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Where is the spleen?

The spleen is located in the upper left corner of the abdomen. It is bordered by the body organs that are closest, which are the stomach, left kidney and the top of the colon. It is normally protected by the rib cage. However, in cases of severe trauma to the chest or abdomen, the spleen can be injured by the overlying rib cage. In some infections (mononucleosis) or in some disease states (blood diseases like hereditary spherocytosis or cancers like leukemia and lymphoma) the spleen can become enlarged. Then it may come down into the abdomen away from the protective ribs and may be vulnerable to injury.

What is the function of the spleen?

The spleen has many functions:

  • helps in immunity (protection against infection)
  • stores blood for the body and releases it when needed
  • destroys bacteria
  • destroys worn out and damaged platelets
  • destroys worn out and damaged red blood cells

What happens when a spleen is injured?

An injured spleen causes hemorrhage (bleeding). The signs and symptoms of an injured spleen include abdominal pain, guarding (holding a hand over the area), tenderness in the upper left part of the abdomen, left shoulder pain and signs of shock and blood loss. This can be a major life threatening event. Diagnosis is usually made by a CT Scan.

What will happen to my child if he/she has an injured spleen?

The Pediatric Surgery Team will be watching your child’s lab results carefully to determine if the spleen continues to bleed. The lab results that will be most important are your child’s hemoglobin (main component of red blood cells that carries oxygen from the lungs to the rest of the body) and hematocrit ( the percentage of red blood cells in blood). This blood test result may drop within the first 24 hours and then begin to resolve.

Your child will be on bedrest for 24 - 48 hours with the hemoglobin and hematocrit tested every 6 -12 hours. When your child leaves the hospital he/she must not participate in physical activity or contact sports for a period of 6 weeks to 3 months. A follow up visit to the Pediatric Surgery Clinic will be scheduled following discharge and a hemoglobin and hematocrit will be drawn again to check for resolution of the bleeding.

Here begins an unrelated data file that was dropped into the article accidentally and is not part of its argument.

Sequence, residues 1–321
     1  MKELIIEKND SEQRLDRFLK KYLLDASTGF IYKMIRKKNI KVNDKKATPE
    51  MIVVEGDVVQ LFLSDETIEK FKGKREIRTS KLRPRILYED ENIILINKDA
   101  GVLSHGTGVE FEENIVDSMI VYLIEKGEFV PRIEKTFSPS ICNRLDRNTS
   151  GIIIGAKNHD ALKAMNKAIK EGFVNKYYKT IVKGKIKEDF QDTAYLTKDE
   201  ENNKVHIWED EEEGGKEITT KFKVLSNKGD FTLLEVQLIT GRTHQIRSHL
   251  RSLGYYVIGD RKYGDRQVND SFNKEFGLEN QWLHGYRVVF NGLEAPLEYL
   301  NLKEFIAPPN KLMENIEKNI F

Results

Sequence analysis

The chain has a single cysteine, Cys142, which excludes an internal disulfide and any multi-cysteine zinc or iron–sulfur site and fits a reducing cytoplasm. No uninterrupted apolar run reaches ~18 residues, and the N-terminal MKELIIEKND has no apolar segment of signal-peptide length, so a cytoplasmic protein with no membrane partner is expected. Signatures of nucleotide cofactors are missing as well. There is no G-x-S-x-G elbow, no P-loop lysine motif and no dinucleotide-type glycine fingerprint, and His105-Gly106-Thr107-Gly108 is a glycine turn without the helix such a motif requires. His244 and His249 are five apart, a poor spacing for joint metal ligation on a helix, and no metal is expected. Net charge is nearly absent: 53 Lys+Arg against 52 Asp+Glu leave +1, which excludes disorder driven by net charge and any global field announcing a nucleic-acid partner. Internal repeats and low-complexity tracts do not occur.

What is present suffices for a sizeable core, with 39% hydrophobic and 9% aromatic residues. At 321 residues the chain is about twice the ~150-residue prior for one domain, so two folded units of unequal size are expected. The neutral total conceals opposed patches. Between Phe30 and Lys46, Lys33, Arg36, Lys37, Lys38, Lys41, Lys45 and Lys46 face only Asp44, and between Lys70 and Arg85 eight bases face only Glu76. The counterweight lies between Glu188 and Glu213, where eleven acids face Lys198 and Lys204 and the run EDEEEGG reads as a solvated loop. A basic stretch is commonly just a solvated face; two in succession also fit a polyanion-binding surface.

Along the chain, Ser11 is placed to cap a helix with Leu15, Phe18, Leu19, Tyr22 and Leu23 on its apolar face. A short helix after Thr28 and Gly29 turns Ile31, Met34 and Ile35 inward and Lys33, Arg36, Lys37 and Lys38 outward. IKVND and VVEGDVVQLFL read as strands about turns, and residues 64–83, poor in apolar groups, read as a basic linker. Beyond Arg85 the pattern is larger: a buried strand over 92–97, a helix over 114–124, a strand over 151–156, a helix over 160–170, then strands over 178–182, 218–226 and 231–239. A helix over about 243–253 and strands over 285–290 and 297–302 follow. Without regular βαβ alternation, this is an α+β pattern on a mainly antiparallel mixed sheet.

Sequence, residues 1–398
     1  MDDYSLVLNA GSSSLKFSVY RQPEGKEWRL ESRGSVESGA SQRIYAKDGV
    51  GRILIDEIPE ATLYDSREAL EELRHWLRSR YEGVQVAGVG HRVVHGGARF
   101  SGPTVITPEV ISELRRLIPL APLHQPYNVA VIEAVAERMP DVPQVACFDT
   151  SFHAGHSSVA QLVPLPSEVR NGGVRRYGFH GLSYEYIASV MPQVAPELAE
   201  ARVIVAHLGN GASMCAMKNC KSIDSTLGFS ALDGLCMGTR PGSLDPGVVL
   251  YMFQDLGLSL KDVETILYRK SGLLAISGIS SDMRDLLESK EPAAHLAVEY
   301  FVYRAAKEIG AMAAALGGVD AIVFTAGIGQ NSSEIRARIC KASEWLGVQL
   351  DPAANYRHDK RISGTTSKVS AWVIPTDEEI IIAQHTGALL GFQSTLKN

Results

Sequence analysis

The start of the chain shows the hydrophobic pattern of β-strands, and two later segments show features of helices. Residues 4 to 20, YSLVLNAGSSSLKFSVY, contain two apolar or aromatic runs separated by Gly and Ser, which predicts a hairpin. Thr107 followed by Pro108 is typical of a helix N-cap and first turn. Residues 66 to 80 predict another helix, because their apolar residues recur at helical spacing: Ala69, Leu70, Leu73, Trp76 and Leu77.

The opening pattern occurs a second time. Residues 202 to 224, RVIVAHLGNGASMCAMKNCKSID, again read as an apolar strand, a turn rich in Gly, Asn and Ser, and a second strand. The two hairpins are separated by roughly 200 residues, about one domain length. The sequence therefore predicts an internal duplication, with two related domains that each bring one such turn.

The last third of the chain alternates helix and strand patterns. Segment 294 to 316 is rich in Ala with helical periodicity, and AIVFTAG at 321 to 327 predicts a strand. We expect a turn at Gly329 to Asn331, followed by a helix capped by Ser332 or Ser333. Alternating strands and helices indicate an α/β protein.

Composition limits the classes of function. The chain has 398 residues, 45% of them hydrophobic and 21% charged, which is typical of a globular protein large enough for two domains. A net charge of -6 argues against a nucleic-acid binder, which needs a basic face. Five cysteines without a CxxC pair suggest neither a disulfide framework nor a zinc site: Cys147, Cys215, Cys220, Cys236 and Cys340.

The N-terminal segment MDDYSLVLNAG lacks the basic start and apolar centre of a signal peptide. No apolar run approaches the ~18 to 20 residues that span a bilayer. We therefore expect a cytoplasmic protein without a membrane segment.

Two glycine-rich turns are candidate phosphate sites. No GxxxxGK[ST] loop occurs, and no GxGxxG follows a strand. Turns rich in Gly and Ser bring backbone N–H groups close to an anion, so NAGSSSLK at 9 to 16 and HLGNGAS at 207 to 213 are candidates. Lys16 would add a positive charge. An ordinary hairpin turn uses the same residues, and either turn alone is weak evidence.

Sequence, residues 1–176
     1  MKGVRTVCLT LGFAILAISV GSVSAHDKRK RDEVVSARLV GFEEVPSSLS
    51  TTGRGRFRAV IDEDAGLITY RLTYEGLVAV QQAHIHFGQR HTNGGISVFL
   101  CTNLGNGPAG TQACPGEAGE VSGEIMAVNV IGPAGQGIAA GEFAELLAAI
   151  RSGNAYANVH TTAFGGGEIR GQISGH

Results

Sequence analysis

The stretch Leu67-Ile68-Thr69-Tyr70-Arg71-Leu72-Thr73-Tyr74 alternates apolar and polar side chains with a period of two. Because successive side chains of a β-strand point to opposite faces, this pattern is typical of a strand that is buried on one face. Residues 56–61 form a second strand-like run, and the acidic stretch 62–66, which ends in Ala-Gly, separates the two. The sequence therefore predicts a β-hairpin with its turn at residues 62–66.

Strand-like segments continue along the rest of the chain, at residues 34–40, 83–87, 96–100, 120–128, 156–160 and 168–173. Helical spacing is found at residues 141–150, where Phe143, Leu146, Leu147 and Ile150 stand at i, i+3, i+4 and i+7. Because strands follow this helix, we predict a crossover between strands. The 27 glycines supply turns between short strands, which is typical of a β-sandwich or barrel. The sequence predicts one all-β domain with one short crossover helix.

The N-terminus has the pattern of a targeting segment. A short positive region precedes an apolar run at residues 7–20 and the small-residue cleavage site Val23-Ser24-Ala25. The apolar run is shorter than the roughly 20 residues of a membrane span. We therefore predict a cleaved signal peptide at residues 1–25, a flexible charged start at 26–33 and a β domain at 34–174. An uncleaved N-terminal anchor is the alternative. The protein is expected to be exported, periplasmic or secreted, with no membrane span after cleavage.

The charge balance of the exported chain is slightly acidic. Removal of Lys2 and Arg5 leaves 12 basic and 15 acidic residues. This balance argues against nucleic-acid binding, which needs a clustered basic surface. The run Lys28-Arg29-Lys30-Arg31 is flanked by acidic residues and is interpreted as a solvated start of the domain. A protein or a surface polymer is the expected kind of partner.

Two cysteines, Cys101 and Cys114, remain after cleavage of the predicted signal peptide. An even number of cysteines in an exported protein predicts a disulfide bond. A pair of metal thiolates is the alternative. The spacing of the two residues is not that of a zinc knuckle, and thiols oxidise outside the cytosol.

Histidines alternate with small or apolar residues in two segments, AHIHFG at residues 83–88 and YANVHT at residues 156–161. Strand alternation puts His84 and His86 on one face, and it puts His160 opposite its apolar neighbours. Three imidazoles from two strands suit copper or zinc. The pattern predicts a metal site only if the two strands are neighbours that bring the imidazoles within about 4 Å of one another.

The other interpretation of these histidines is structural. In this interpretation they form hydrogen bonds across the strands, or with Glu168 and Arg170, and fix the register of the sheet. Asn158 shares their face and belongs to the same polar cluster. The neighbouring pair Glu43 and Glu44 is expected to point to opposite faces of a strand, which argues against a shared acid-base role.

What will happen if the spleen needs to be removed?

If the spleen continues to bleed, surgery to repair or remove the spleen may be necessary. If the spleen is removed, the body is equipped to take over the functions of the spleen with the liver and lymphatic system, but there is a slight increase in infection problems. Your child must have an influenza vaccination each year. Any fever of greater than 101ºF must be reported to your primary care physician. If you have any further questions, please do not hesitate to ask any member of the Pediatric Surgery Team.

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University of Texas Health Science Center Professional Building
Department of Pediatric Surgery

6410 Fannin Street, Suite 950
Houston, Texas 77030

Phone: (832) 325-7234

Office Hours: 8 a.m. to 5 p.m. (Monday-Friday except major holidays)

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This information, although based on a thorough knowledge and careful review of current medical literature, is the opinion of doctors at The University of Texas Medical School and is presented to inform you about surgical conditions. It is not meant to contradict any information you may receive from your personal physician and should not be used to make decisions about surgical treatment. If you have any questions about the information above or your child's care, please contact our doctors.